I get cussed out suggesting that I think it would be better. The other grandpa just keeps repeating hot air always rises. Well it also conducts and radiates, and this reheating of the cold air causes the furnace to work harder.
    I am persona non grata when it come to furnaces.

    Is it better to use individual ceiling hieght returns in each room? Our 1950’s era home needs a new furnace and I was thinking of routing returns high on the walls or in the ceiling. We only have 800sf to deal with, but it is heated very un-uniform during our 5 months of ice. There are two floor mounted returns in the living room, none in the other rooms.

    We did insulate the house. After we bought it we found out that none of the walls were insulated. At that time the furnace ran 24/7. When I found the crawl space heated to 65 F I added insulation under the house. That is a big improvement.

    1. CTH Experts says

      Hi Don. I apologize for a delay but I was away for a long weekend + a little more. You are absolutely correct with the air returns in each of the rooms. This would dramatically improve air circulation and help to equalize temperature through the whole house.

      They should at least install a single air return port on the main floor so the air has a way of being recirculated. Single returns used to work in older, poorly insulated homes with a lot of air leaks. All those gaps and holes allowed the heated air to escape and make room for more heated air (it’s called stack effect). Newer (or newly remodeled) homes are much tighter, thus keeping all the air inside, which requires circulation.
      Even one properly sized air return on that main floor will help them stay comfortable. Ideally (if using heating and cooling), double air returns located in the upper(or ceiling) and lower sections of the wall perform best.

  2. Rindie says

    We are in negotiations on a house where the inspector showed us an open return by the furnace in a 1.5 story house. No ductwork. It looks to my uneducated in HVAC eye like an open metal trough that sucks air into it. The inspector said it may create a carbon monoxide hazard. I would like to have the company who installed and services it come in and explain why it’s right or wrong. Also considering an opinion from an uninvolved company. Any thoughts or suggestions?

    1. admin says

      Hi Rindie,
      An open return by the furnace issue is always associated with the setup of the area this furnace and maybe some other gas burning appliances are located in. It has also to do with the combustion air required for the gas (and other fossil fuels) burning process. Forced air furnace air return must be a min of 10’ from the firebox (furnace burner chamber, water heater burner chamber, fireplace firebox, etc.) and from the draft hood (water heater, some boilers, and furnaces), or located in a separate room (not in a bathroom, closet, bedroom, kitchen, garage, mechanical room).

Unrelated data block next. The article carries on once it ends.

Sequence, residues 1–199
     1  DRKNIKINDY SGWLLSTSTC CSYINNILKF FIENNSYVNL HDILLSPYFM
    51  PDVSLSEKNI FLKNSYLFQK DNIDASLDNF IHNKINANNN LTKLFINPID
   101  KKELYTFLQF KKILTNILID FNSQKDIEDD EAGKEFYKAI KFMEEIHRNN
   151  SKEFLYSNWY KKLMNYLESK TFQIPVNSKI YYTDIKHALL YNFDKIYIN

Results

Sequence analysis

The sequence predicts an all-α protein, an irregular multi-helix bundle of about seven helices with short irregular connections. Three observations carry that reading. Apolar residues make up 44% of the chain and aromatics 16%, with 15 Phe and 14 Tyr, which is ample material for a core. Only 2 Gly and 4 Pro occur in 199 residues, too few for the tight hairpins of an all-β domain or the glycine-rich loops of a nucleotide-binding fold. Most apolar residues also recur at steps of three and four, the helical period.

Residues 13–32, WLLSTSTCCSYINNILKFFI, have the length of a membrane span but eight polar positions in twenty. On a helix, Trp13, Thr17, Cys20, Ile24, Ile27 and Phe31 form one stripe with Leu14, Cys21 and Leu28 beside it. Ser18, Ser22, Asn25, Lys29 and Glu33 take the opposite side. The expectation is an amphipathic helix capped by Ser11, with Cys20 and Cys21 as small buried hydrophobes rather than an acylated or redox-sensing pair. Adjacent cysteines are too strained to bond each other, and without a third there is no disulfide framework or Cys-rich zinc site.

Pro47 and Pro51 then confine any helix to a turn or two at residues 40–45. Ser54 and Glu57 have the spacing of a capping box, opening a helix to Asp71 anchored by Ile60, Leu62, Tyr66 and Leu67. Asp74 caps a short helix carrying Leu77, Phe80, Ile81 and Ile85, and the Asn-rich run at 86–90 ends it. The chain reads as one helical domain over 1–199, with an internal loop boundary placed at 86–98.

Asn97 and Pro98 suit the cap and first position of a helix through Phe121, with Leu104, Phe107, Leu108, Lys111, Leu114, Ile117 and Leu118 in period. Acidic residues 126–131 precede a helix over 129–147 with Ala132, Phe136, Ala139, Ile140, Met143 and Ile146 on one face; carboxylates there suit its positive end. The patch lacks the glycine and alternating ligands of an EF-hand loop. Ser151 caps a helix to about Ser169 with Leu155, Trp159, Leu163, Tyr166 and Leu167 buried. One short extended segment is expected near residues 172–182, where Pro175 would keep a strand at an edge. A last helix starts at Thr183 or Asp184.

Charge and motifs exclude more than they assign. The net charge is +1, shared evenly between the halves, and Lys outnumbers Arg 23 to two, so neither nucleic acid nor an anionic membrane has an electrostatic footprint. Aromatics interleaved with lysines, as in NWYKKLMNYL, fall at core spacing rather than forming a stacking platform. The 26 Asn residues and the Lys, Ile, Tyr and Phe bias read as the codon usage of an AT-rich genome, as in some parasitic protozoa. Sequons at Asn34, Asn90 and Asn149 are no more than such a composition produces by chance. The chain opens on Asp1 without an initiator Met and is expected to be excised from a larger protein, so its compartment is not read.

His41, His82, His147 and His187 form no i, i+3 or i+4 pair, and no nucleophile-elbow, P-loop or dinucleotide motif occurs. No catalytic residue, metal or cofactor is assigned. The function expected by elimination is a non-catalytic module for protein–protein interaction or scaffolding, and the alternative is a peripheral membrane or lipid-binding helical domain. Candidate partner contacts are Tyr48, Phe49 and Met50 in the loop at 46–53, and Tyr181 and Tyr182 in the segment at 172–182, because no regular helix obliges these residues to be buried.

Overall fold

This requirement applies in situations where fuel burning appliances rely entirely on the combustion air from within the room they are located in. For the appliances using house exterior combustion air only and equipped with sealed combustion chambers (high efficiency furnaces with two PVC pipes, high efficiency water heaters with exhaust and air intake pipes, etc.) this wouldn’t be necessary.
      The 10’ forced air furnace air return opening distance is required to minimize the possibility of creating a negative pressure within the area surrounding the appliance. This negative pressure could create a backdraft through the draft hoods and combustion chambers of the appliances. In an air tight / well weather sealed home this could result in exhaust gases (might contain Carbon Monoxide) being sucked back in to the house from the vent pipes / chimney, and distributed through the house by the air circulating system.
      Another problem is the combustion air requirement – without the proper amount of oxygen / air being removed / diluted by the return port from the area surrounding the appliances, Carbon Monoxide might develop during the burning process. With the air return being so close, CO could be distributed through the house.
      So, besides the air return port being too close to the fire box / draft hood, you have to make sure that all of the fuel burning appliances are provided with an adequate amount of combustion air – read that post!
      Let me know if this fully answers your questions and if there’s anything else I can help you with…